Just before Christmas, when everyone in schools was stressed out, it was reported that a teacher made a citizen's arrest on a 13-year-old for possession of a permanent marker. Predictably, some outraged commentators attacked teachers, while others blamed parents and the school system. Some of the readers' comments sounded racist to me. A colleague of the teacher wrote that she had not sought the arrest of the student.
This week, the Oklahoma City Public Schools explained that the teenager allegedly was making tagging-type letters, that were bleeding through to the desk, while doodling on a paper. The student then hid the marker and refused to give it to the teacher. The school has a severe problem with graffiti, and in those situations, teachers are supposed to summon the authorities. A police captain explained that the students: "Know that those officers are not there to enforce house rules, they are there to enforce law."
Schools today are criminalizing routine, teenage misbehavior, and that is wrong. Except in threats to safety, students should operate under "house rules," or the district's code of conduct which lays out maximum and minimum levels of consequences for every type of offense.
After making those clear-cut affirmations, everything else becomes murky. Few things in education are as difficult as discussing discipline in a constructive way. It forces us to discuss race, class, parenting, and other issues that many of our mothers taught us were not topics for polite conversation.
Why send a child to the juvenile detention center, and fine his guardian, instead of assessing a "parental conference suspension" for the defiance and/or the district's consequence for the marker? A defiance of authority referral, however, is the archetypal consequence that schools are pressured to not process, fearing it will be seen as evidence of a "disparate impact" in discipline. Principals, knowing that their disciplinary numbers are monitored, tend to second-guess teachers' reports of inappropriate conduct, and in my experience, the result is a "blame game," and chaos in our secondary schools.
Today, schools have renewed fears that the federal Department of Education will see statistical patterns, alone, as evidence of discrimination. But this fearfulness predates the current administration, and besides, the federal regulators have a point. "Defiance of Authority" is a vague term, and often educators misperceive responses of poor children of color. Similar protections must be extended so that children with emotional disabilities are not punished inappropriately for actions that are due to their disability. Also, we want the federal government to monitor schools' effectiveness in preventing bullying, as well as their effectiveness in maintaining safe and orderly schools. And we want federal overseers to have credibility.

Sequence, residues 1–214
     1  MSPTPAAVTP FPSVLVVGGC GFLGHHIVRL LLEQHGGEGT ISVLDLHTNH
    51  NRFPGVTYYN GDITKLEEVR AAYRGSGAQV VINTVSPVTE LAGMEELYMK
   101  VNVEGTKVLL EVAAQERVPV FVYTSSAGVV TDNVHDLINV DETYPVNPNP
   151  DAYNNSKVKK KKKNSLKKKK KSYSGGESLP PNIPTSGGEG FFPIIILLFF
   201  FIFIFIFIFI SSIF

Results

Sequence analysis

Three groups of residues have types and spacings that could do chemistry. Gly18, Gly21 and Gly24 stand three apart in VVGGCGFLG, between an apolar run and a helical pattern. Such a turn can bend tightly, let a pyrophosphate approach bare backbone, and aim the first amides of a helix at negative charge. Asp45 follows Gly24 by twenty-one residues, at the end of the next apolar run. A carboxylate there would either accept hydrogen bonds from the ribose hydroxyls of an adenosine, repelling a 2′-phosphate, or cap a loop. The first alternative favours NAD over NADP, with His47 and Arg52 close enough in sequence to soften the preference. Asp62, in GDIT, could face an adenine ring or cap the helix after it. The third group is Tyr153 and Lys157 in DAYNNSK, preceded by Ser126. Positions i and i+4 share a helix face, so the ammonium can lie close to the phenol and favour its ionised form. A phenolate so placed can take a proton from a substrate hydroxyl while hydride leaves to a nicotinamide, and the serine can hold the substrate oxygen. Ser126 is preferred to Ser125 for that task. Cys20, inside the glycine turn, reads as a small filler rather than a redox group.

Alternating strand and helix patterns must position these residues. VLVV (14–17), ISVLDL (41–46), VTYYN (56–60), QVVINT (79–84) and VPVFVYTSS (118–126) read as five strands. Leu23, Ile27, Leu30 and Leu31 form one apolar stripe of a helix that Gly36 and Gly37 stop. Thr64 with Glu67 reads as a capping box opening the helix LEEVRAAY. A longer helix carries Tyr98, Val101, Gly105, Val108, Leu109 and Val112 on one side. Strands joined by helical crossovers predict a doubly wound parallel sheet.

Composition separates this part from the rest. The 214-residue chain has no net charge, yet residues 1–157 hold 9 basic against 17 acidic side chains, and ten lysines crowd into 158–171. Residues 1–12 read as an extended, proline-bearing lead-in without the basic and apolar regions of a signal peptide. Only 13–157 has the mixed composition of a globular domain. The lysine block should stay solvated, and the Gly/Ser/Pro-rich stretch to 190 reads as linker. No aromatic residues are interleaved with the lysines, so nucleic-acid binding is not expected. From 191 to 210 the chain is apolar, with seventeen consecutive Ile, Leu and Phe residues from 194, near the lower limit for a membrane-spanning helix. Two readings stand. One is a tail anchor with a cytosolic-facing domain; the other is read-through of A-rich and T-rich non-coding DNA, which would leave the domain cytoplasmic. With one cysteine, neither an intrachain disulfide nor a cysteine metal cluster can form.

The better approach would have been the collection of disciplinary data for evidence-based decision-making, not data-DRIVEN accountability. When stakes are attached to data, the response of systems is to play games with numbers. And when school leaders do not feel confident in enforcing their "house rules," under-the-gun educators will find other ways to maintain control.
We should use data for conversations about tough problems, rather than to punish. This dialogue should not be limited to teachers' professional development. Parents, students, and the community must all be heard. This is not some wimpy, touchy feely, liberal's response. Tough-minded conversations about discipline are not easy, but they are essential.
I was in the room with conservative businessmen a decade ago when we first read of a suburban middle school student arrested for fighting, and we were all shocked at the apparent overreaction. But now, rather than let disciplinary statistics suffer, criminalizing misbehavior is routine. Back when my 450 student high school had 180 arrests in a 173 day year, and no in-house suspensions, most or all of those arrests were legitimate. Now, our students routinely receive a $300 ticket, in lieu of a day or two in in-house suspension.
We must find a humane and credible way for urban schools to enforce their "house rules." I recall a basketball game when students, as they routinely did, ignored instructions from teachers and principals to stay off of the playing surface. A city policeman stepped onto the court, and a student responded in the insolent manner that is common in schools, so the cop grabbed her by the throat and dragged her off.
As a crowd of black parents cheered the officer, students ran up to me to express outrage. I played Hamlet. That was an overreaction, I told my students, but listen to your parents. From all corners of the gym, frustrated parents voiced support for a clear-cut assertion of authority. "The cops don't play," was a common statement as was "the schools are setting our kids up. Out in the real world ..."
These parents knew that they had usually sent children, who they had raised to be respectful, to schools where many of their children ran wild. They knew that students were not blameless, but that their kids did not behave at church or on the job in the unruly manner that many did in schools -- especially middle schools. Above all, they knew that the inability of systems to enforce house rules was undercutting instruction, encouraging horrible habits, and setting their children up for failure -- or worse -- after they left school. If schools cannot find credible ways of asserting authority, unfortunately, society has a huge prison industrial complex that will.